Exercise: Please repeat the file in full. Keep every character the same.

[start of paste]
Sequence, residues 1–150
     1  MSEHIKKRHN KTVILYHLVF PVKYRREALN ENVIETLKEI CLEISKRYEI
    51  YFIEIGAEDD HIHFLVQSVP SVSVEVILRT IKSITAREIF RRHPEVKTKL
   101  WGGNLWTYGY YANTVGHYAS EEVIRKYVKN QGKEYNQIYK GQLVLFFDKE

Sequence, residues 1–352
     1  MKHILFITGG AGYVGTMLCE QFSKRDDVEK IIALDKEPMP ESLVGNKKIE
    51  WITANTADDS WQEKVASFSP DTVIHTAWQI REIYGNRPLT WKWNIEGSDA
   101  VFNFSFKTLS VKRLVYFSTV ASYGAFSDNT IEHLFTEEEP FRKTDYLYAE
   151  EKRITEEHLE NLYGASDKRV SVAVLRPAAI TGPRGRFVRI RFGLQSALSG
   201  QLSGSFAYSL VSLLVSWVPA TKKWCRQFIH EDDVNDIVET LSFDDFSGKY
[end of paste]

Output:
Sequence, residues 1–150
     1  MSEHIKKRHN KTVILYHLVF PVKYRREALN ENVIETLKEI CLEISKRYEI
    51  YFIEIGAEDD HIHFLVQSVP SVSVEVILRT IKSITAREIF RRHPEVKTKL
   101  WGGNLWTYGY YANTVGHYAS EEVIRKYVKN QGKEYNQIYK GQLVLFFDKE

Sequence, residues 1–352
     1  MKHILFITGG AGYVGTMLCE QFSKRDDVEK IIALDKEPMP ESLVGNKKIE
    51  WITANTADDS WQEKVASFSP DTVIHTAWQI REIYGNRPLT WKWNIEGSDA
   101  VFNFSFKTLS VKRLVYFSTV ASYGAFSDNT IEHLFTEEEP FRKTDYLYAE
   151  EKRITEEHLE NLYGASDKRV SVAVLRPAAI TGPRGRFVRI RFGLQSALSG
   201  QLSGSFAYSL VSLLVSWVPA TKKWCRQFIH EDDVNDIVET LSFDDFSGKY